b) What they’re struggling with – a pain they’re trying to solve (eg. You’re trying to figure out how to write a blog post, which is why you’re reading this right now)
c) Their burning desires – what do they want MOST of all (eg. To know how to write blog posts quickly, without getting sidelined by writers block)

Need help uncovering these? Hang out where your ideal client does – forums, Reddit, Facebook™ groups, and pay attention to their comments on blogs.

Essential Ingredient #2: Imagery (Show, Don’t Tell)

Research shows that blog posts (or any text content) that has at least one image generated 94% more views on social media.

And, if you’ve got a colorful image above the fold (the area that’s immediately visible to people when they land on the page), then people are 80% more likely to read.

image of blog post stats

Not only that, but another study by Claremont University found that using images of pretty much any kind increases your content’s cred and trustworthiness by 75%.

image of blog post stats - how to write a blog post

Think of the blogs you follow. Chances are, they’re using images and photos to SHOW rather than simply TELLING.

Essential Ingredient #3: Useful Content (ie. What Problem Are You Solving?)

If you’ve already done step 1 above, you know what your audience wants help with.

Take this a step further by doing a little research. With a little legwork, YOUR content will be what lands in front of them at exactly the right time: when they’re looking for a solution.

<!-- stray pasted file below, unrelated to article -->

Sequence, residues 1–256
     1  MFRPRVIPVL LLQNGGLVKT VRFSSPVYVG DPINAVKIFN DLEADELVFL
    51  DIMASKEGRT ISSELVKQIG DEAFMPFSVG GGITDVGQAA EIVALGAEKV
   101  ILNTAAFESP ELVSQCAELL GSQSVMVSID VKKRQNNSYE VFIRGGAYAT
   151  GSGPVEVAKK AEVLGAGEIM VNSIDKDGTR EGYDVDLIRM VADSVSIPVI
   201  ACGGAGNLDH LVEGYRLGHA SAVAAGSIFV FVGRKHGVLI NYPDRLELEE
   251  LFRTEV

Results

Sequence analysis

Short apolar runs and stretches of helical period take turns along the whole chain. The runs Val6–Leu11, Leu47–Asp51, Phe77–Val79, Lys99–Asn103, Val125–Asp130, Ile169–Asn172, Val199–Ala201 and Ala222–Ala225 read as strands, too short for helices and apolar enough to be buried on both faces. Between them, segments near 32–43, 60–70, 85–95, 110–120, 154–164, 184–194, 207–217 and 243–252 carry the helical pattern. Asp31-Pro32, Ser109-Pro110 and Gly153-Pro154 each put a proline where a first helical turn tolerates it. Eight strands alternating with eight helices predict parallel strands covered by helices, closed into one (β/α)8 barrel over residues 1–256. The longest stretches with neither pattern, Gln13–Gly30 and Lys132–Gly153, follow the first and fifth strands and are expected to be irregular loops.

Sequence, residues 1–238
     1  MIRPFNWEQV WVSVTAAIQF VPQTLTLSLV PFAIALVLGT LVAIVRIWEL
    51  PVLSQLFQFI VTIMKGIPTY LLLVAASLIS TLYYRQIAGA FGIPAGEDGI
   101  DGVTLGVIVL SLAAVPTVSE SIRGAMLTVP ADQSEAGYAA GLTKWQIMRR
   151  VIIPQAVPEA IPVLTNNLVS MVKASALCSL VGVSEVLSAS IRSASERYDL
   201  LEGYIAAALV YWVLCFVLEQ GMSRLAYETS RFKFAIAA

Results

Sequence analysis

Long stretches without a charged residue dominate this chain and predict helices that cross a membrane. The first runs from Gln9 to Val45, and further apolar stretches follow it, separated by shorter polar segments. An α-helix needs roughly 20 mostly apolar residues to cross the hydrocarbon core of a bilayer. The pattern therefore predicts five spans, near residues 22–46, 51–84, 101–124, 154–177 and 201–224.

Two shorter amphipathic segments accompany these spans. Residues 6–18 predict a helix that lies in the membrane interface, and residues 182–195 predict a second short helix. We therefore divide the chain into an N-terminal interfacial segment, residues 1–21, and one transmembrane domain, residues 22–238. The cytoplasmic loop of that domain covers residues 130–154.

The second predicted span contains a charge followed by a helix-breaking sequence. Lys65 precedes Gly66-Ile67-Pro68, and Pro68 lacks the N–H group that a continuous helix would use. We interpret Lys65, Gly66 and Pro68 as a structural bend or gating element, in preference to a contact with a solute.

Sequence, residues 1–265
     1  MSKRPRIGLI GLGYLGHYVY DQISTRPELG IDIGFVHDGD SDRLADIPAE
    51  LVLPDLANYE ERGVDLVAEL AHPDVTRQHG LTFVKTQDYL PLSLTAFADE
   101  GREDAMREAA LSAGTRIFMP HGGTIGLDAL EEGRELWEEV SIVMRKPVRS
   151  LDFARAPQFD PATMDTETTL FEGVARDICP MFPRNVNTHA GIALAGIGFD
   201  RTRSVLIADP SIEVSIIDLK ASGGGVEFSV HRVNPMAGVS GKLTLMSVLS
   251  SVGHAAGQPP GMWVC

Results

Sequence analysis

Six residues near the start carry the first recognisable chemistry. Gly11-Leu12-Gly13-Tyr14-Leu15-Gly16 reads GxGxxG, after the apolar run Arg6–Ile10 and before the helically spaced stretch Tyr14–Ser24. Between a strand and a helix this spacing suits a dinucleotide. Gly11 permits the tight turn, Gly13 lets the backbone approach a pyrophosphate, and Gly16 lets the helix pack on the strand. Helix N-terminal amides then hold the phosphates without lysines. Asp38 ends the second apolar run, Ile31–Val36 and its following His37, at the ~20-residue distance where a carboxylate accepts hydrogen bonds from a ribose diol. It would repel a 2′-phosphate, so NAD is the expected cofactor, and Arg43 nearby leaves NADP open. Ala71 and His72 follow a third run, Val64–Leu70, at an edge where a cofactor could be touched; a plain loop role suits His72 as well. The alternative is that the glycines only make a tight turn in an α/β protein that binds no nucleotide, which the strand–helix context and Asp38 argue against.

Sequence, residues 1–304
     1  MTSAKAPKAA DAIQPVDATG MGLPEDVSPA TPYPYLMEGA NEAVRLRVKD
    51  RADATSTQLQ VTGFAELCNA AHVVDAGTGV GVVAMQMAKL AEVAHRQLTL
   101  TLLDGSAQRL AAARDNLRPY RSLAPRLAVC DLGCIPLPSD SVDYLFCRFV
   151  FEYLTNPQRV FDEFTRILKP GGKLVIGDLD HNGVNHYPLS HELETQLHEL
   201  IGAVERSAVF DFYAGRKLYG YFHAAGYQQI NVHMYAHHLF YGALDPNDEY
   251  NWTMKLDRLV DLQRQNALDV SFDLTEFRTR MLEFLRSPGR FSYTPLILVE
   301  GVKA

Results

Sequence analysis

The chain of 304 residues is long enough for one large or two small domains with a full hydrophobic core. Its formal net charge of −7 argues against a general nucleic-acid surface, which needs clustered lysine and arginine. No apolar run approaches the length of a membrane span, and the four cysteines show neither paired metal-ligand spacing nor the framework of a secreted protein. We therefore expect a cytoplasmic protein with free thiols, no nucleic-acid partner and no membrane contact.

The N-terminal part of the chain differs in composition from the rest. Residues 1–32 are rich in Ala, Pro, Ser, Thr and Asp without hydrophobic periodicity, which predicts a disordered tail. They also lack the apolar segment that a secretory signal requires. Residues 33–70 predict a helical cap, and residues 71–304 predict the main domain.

Now before you tell me that, “Yo! People don’t read online!”, let’s put that myth (one I also used to believe) to bed right here.

According to this study, 84% of people are more likely to research and read a specific topic they’re interested in than in 2011.

image of how many people read

And that’s VERY good news for content marketers!

Now that we’ve put the smackdown on that business-limiting belief, let’s dive into our research.

There are several sources of content ideas you can draw from. To keep track of them, I started doing what Neil Patel calls an “Idea Bank” – a simple spreadsheet that looks like this:

I’d highly suggest you do the same.

Still not sure what to write about? Try these 5 overlooked sources of topic ideas.

In the Traffic Accelerator, I walk my students through multiple sources of blog post topics so they can create a solid content strategy.

Here are 5 to get you started;)

Idea Source #1: Keywords

Using Google’s FREE AdWords Keyword Planner Tool, you can uncover the search terms your audience is using to find what they need.

Simply go to https://adwords.google.com to sign in (or sign up if you don’t have an account), navigate to Tools, then select Keyword Planner from the drop-down menu.

Then, enter the keyword or phrase you want to look up results for, add any further defining criteria, and click Get Ideas.